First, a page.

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Posts Tagged ‘wax moths’

Today as I pulled into our drive...

Oh beautiful sky with your beautiful clouds, why not darken a bit and drop some raindrops? Couldn’t hurt to ask. During the hottest weeks/months of summer when the sun beats down on your back when you’re working outside, you welcome clouds even when they don’t always or often yield moisture. Mark will sometimes say to me that he appreciates the clouds when he’s working the bees. Clouds soften the brutal sun rays. I snapped this photo with my phone pointed straight up in front of me. The clouds were gorgeous and held such promise for rain here and there around us. The wind picked up and it cooled down quite a bit but hours later, we still did not receive any rain. Oh well. There’s always a little hope. It’s actually not as dry as it has been in the past for this time of year. It’s August in South Texas. It’s pretty hot now! Three-digit heat has finally arrived but most of us say, “If we can just get through August, then there’s light at the end of the tunnel.” haha The heat makes us appreciate the cold later.

Mark and Tang continue to tend to the hives out in different yards. It’s rare to have some of the hives still making a little bit of honey but we won’t complain. What an odd year it is. So far, we have harvested (or extracted) about 6,000 pounds of honey! Great numbers considering how little we got last year. Every drop is appreciated for sure! For hives that are strong and thriving, Tang and Mark are dividing. We’re going through a steady supply of queen bees ordered from outside of Texas, as always. We have another 28 queens coming this Wednesday. There’s also mite treatments to be completed, empty honey supers to treat for wax moths and then stored for winter, pecan trees to be tended to since there’s a second round of caterpillars…the list goes on. There’s never a dull moment but we try to rest when we can. The pace as well as the heat can truly be tiring.

In other news, we are thankful to be covered in a couple of local publications in the San Antonio area! Our first story is out now in Edible San Antonio magazine. You can find a copy by visiting their webpage. I want to give a big shoutout to our friend, Josh Baker of AzulOx Visuals. Josh photographed us at our Bee Ranch last fall and we were happy to have one of the photos we love so much be used in the article. Josh is an amazing photographer and he’s a lot of fun so please do check out his website if you are looking for photographer who will do more than take the usual posed pictures. Okay, the second article? You’ll have to wait! But you won’t have to wait long because we have seen the copy and the print is coming to the Pearl Farmers Market THIS coming Saturday. So excited and thrilled to have people interested in what we do at the Bee Ranch. Yay bees and beekeeper!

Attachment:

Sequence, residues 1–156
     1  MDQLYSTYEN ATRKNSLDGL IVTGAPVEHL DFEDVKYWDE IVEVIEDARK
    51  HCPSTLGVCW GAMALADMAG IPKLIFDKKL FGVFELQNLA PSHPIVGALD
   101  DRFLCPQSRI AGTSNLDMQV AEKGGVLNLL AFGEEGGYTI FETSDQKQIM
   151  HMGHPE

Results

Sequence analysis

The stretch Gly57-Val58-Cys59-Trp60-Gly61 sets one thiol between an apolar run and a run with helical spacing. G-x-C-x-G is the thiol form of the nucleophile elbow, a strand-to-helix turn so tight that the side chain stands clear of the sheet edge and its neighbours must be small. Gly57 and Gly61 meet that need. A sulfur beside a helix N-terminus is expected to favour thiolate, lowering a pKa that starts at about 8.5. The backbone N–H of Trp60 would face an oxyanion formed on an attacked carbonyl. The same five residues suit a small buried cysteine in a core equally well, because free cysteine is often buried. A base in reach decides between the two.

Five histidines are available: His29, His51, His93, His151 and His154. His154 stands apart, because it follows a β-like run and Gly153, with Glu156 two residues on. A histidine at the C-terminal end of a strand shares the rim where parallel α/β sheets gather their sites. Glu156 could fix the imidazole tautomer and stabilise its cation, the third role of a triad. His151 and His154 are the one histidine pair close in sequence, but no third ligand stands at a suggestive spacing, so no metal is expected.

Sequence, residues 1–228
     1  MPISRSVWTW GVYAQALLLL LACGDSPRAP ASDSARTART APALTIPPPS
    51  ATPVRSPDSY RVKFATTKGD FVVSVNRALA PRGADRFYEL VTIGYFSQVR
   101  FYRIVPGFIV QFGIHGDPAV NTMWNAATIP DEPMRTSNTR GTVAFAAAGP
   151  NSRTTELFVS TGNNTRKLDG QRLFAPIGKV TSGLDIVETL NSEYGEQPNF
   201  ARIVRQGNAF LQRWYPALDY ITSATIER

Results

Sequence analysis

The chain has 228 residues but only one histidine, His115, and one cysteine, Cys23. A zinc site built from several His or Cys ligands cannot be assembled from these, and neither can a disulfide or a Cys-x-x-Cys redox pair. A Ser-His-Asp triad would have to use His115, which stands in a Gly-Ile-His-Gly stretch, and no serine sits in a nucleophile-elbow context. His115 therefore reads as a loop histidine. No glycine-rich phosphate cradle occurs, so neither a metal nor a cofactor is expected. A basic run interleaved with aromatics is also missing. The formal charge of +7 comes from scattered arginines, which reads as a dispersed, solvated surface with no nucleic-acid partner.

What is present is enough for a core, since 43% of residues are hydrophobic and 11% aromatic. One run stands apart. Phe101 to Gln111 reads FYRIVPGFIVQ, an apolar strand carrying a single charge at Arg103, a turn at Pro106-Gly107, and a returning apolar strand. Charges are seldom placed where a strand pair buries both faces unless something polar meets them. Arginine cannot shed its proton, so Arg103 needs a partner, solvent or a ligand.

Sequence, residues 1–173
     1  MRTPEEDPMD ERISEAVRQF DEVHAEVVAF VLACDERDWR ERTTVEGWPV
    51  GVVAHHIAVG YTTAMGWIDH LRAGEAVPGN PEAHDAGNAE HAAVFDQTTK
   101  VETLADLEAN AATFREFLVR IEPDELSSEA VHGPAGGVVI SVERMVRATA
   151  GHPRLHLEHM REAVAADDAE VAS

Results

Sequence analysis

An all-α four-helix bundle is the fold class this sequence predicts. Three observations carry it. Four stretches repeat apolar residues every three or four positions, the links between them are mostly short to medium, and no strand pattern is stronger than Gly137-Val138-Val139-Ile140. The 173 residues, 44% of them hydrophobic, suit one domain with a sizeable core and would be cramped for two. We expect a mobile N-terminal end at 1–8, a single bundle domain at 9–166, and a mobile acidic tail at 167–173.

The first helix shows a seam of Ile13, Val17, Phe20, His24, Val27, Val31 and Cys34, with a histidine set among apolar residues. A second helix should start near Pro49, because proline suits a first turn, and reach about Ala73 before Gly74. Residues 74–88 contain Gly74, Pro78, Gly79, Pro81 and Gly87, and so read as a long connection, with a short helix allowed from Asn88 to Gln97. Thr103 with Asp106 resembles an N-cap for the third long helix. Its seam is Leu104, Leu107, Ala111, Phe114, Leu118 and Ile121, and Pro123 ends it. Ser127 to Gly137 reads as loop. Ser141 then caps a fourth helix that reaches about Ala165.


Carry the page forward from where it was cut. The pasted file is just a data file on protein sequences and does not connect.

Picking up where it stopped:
Edible San Antonio August-Sept issue

In happy honey-lover news, I’m excited to be able to share that Mark has updated the GBR website with the latest inventory of our local South Texas honey – the Gonzales County Wildflower. I love how light it is, just gorgeous! It tastes very similar to our Guadalupe County Wildflower. Light in color and light in taste. Check our Honey Shop if you would like to try some of this beautiful honey.

Gonzales County Wildflower Honey (2014 harvest)

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The round swingy chair :-)

While I have some quiet time here in Irving (just swinging in the bumblebee-like chair at the hotel), I was thinking how much I miss my beekeeper and my home and our bees and our new Bee Ranch and my friends and my kitty. I think that about covers it. I’m finishing up my second week of travel for my IT training job and while I have enjoyed dipping back into training delivery (really, really miss teaching!), I will be glad to be home again. I need to pack a house, after all!

Earlier during a break between classes, a teammate stopped by to check on me and then our talk turned to bees, which often happens once people get a taste of our beeventures and the honey. He asked great questions – how does the queen mate? How long do they live? What is honey used for in nature if we didn’t extract it? Do other animals bother the bees? Do ants pose a problem? How do you get a bucket of honey? Does it go bad? I loved it. I love talking bees and honey and beeswax. 🙂 And partnerships and sharing and fun friends we make. I also had another conversation with a new friend and vendor at Pearl and we’re going to continue our discussion in future about growing a small business. Mark and I had just talked about the potential of our friends’ venture and what great products they have but noted they had no online presence up to this point. We thought about how much they could grow their sales if only people knew what they had and how they made it. Well, our friend brought it up and wants some insight into the whole social media component of marketing a business. You know me – I love to talk about social media so I can’t wait to give them some information about how it has really helped GBR grow. If utilized properly, then social media need not be a scary, bad thing. Really.

Putting moth crystals on cleaned up empty supers